There is a well-known quote that says, "Success leaves clues." A very interesting Hollywood example of this is Will Smith's rise to acting success. The uber-successful actor didn't move west from Philly and randomly tossed darts in the dark, hoping to hit the blockbuster bullseye. Before Smith made the move from hip-hop to Hollywood, he and his manager dissected the highest-grossing films of all time in search of commonalities. Here's what Smith said, "I said to [manager James Lassiter], 'I want to be the biggest movie star in the world.' And he said, 'Okay. Well, let's figure out what that means.' And he went and got the top 10 movies of all time, the list of the top 10 films of all time at the box office — top 10 box office successes... What we found is at the center, there were always special effects...there were creatures, and there was always a love story. So we started looking for movies that had special effects, creatures, and a love story."

Smith and Lassiter could have listed out every single characteristic of every single successful movie and then randomly chosen which aspects to use in their films, but they didn't. They only copied the universal ingredients, and we can all learn from their path to success. We should all copy the way they copied.

Will Smith intelligently implemented the commonalities of the all-time greats, and coupled with a lot of hard work, he has now acted in 26 movies that have combined for adjusted gross revenue of over five billion dollars. Most importantly, Smith has made dozens of films that people around the world have really enjoyed watching.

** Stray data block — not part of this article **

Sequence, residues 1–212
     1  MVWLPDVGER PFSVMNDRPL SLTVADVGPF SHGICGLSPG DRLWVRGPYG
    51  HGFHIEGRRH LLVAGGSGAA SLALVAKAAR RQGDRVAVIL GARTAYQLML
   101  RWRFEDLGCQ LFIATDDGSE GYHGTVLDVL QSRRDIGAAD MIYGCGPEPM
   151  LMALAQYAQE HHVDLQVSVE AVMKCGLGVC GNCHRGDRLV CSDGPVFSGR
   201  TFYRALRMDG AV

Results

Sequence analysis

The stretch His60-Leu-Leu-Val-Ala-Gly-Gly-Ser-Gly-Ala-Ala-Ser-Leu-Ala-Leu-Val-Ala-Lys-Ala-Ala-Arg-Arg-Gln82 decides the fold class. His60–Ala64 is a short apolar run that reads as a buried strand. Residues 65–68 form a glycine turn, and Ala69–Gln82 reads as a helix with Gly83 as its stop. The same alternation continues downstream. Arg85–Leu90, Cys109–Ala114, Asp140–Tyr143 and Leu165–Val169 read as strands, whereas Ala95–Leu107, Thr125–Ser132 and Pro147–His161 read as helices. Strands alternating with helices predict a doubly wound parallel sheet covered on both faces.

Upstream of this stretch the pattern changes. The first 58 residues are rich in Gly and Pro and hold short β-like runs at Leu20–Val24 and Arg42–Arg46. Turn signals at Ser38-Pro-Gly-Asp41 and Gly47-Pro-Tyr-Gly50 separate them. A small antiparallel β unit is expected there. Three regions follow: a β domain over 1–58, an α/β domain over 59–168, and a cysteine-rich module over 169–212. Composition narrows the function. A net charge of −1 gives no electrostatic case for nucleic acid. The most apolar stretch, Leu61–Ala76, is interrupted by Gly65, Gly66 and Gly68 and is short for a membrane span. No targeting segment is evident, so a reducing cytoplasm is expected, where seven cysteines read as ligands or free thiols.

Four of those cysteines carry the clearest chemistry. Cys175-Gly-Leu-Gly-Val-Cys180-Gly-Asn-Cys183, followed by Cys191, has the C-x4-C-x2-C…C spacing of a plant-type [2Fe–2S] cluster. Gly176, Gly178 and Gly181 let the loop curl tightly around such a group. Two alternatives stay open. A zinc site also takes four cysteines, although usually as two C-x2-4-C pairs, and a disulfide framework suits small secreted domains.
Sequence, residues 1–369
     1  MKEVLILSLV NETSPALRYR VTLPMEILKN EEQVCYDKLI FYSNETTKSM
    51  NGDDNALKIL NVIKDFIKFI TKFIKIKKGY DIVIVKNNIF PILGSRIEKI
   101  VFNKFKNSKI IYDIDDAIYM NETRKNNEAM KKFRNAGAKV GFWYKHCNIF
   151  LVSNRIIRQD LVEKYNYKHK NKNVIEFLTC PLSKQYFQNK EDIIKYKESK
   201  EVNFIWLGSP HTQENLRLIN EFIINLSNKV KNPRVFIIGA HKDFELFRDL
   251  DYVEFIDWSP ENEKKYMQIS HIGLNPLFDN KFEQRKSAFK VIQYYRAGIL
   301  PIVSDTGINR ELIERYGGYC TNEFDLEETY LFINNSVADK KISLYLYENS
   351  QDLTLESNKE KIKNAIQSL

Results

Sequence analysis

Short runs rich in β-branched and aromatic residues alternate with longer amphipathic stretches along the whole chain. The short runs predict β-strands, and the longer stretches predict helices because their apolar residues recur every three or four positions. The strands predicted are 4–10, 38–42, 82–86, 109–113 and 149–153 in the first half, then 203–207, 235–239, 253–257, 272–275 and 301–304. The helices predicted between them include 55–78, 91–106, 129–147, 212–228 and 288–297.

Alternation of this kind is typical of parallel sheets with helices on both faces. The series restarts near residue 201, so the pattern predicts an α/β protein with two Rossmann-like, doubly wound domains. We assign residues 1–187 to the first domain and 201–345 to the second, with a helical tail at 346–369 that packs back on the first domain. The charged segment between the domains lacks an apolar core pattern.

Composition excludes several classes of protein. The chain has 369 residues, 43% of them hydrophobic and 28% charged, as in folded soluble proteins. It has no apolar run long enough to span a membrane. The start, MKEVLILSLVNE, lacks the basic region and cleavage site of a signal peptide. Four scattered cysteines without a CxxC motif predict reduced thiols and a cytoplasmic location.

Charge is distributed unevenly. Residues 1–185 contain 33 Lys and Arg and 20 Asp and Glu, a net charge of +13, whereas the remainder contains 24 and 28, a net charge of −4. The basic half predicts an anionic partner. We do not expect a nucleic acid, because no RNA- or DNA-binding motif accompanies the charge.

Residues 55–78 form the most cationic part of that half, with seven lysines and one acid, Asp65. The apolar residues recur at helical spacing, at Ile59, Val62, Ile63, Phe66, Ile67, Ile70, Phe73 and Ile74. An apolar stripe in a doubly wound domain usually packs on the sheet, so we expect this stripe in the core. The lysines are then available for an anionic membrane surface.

Similar to the movie industry, the sport of baseball has left many clues in plain sight for many years. The clues to success are not hidden behind security clearance or protected by intellectual property law. Just like the clues Smith and Lassiter used to create five billion dollars worth of entertaining movies, the clues to better pitching mechanics, hitting mechanics, base-running, and fielding techniques are all right there for us to see clearly.


A certain method for finding the right players and their common techniques shares characteristics with a well-done research study. The longer the study, the larger the sample size, the fewer the variables, the more valid the results will likely be.

We want to look for common traits from a large group of successful players over a long period. The good news is we don't have to wait for the conclusion of a twenty-year longitudinal examination to find the players and the techniques worth emulating.

Backtesting can be super-useful in baseball because the game has been played using similar rules, techniques, equipment, and field dimensions for well over one hundred years. A great example of successful backtesting within the baseball community is the quantitative revolution, aka Sabermetrics, that has taken hold of MLB front offices, which itself has been expedited through the use of statistical backtesting.